position in which my leg fell asleep faster than I did.
As the pins and needles went away, the plane lands in
Frankfurt, Germany. It was early in the morning in Germany, so the normally bustling
airport was quiet. It made getting through customs a breeze. Having the carnet
forced me to go through the "something to declare" line at customs, but
ironically everyone else had "nothing to declare" and I zipped right past them
Our hotel is attached to the airport, so we were able to
walk there without going outside and realizing the 32 degree temperature. It was
hard to leave the late Indian summer temperatures in Norfolk around 70 degrees to come to
freezing weather, but Israel should be warm again.
In this biz, the equipment has priority when packing.
With 5 large pieces of luggage to carry, my personal effects have to be kept at a
minimum. The laptop has to come along (how else would you be able to read my self
important ranting?) and other clothes. The first thing to be thrown out is the cold
weather gear. It takes up too much space. So I have to suck it up when we go
strolling out in freezing winter weather. Don't tell my mom I was outside without a
November 25, 1999
This is our day to adjust to the time difference. We
go for a stroll downtown, checking out all the shops and dining at Romer, a classic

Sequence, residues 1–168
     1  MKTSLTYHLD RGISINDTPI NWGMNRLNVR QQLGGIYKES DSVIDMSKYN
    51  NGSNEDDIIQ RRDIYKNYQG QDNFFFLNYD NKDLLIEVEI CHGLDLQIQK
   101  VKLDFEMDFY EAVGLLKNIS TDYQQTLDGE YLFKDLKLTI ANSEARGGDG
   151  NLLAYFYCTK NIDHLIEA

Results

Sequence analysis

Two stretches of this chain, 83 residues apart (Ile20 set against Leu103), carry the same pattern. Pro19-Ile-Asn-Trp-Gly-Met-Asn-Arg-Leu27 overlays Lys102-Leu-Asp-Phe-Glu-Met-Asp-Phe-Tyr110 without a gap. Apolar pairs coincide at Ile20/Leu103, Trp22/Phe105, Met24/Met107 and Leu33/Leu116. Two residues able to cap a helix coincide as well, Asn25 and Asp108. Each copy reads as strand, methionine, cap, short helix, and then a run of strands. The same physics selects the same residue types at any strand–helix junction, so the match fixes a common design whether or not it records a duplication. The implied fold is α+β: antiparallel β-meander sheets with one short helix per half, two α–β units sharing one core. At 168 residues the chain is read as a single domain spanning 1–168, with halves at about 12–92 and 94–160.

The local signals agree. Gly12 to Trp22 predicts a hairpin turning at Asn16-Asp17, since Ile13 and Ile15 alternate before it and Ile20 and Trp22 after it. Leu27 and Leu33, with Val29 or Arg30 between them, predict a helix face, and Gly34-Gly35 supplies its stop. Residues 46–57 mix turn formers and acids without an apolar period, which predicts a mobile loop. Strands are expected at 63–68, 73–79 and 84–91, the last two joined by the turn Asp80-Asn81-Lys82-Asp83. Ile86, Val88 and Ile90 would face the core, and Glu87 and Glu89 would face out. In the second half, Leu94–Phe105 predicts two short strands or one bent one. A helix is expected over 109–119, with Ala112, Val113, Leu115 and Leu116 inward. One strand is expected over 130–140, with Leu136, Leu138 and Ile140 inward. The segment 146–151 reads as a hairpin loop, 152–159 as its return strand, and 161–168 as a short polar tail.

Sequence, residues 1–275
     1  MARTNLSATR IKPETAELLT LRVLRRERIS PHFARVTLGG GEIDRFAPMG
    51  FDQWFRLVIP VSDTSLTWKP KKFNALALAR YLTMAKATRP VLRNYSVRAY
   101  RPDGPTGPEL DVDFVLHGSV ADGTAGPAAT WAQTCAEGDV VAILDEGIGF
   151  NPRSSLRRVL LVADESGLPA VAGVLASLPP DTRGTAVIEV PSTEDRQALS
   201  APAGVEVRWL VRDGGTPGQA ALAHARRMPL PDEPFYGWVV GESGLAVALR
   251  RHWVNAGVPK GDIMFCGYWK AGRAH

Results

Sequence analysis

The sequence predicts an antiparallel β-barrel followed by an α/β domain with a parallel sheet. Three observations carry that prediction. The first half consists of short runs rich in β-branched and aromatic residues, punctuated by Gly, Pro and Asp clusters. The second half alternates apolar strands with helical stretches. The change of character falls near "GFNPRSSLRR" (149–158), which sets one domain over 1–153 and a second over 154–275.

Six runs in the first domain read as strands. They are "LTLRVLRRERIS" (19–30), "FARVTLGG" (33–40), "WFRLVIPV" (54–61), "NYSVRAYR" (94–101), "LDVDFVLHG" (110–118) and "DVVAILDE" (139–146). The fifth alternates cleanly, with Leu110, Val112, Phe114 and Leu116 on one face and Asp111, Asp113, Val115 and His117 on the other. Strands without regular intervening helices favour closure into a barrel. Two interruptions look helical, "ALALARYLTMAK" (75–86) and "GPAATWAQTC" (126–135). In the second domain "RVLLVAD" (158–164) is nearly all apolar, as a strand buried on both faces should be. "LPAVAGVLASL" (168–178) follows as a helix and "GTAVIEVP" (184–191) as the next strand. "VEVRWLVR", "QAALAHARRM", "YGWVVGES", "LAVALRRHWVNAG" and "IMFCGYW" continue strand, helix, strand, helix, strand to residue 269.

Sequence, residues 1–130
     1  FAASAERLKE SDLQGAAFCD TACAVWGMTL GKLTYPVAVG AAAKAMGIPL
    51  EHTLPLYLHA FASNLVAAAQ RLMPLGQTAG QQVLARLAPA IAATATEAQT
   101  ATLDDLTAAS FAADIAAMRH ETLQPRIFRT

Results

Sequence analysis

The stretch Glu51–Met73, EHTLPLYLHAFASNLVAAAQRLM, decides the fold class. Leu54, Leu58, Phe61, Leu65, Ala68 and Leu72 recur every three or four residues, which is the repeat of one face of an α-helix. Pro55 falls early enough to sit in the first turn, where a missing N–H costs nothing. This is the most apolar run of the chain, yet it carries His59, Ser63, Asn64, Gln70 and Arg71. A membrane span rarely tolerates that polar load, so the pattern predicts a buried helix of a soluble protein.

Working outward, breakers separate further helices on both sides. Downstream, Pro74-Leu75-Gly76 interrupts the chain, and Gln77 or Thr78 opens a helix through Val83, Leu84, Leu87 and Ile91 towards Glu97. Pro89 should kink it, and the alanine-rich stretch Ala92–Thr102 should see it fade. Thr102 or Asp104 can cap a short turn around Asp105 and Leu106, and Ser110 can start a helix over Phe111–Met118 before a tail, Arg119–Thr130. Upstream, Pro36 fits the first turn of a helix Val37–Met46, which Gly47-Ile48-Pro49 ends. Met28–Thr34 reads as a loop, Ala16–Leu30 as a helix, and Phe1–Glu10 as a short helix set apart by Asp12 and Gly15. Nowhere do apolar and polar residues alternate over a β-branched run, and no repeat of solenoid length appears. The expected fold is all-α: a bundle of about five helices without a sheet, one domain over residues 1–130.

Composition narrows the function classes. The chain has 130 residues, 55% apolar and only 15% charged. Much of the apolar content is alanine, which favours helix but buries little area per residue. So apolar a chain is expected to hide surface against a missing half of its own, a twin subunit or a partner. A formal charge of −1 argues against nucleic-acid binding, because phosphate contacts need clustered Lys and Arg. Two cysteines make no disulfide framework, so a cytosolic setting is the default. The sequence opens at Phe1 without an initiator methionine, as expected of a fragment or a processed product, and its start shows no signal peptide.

looking German "family restaurant." After pigging out on
"sauerbraten" and dumplings, it was time to stroll some more.
Today was the first day of the "Christmas Market"
where locals set up small stands selling goodies in the street. With the carousel
spinning and Christmas carols playing, it's hard to not get in the spirit. It's not
as commercial over here yet; Christmas still feels traditional.
The one thing I did need to buy was a watch. I was
sick of not knowing what time it is, and I thought a watch would be a cooler souvenir than
an "I Love Germany" sweatshirt.
I was happy to find out my watch came with a 1 year
warranty, so if I have any problems, I can fly back to Frankfurt, Germany and get it
replaced! What a deal!
Well I've found the strangest "cross-cultural"
hit. Monster truck racing translated into German. It's funny when the only
words I recognize are "Big Foot" and "Mud Shark"!
November 26, 1999
My body clock is just about ready. And as would be
expected, as soon as I'm comfortable with a time change, I do another one.
Our plane leaves at 10am, from a super security wing of the
airport. I've walked through so many x-ray machines I'm starting to glow. The
3 hour flight was nothing compared to our transatlantic jaunt.
I was a little leery of flying into Tel Aviv. With
all of the political turmoil, I figured there would be major hassles getting into the
country. Just to show the potential for problems, most Arabic countries won't allow
anyone into their country with an Israeli passport stamp. Because we travel to the
Persian Gulf frequently with the Navy, I have to ask for my Israeli stamp to be put on a
After waiting in line for 15 minutes, I cleared immigration
rather easily. I thought. Until I walked through another gate and asked to
"step aside" for some questions. Another 15-30 minutes of waiting, just to
ask two questions. Who am I, and why am I here.
The Navy had escorts waiting for us in the terminal.
This was the first time I've had someone waiting for me at the airport with my name on a
placard. I briefly felt important.
A 3 hour van ride north over bumpy Israeli highways took us
to our new home in Haifa. The rest of the day would be full of settling in and
getting the lay of the land.
Take care and keep in touch.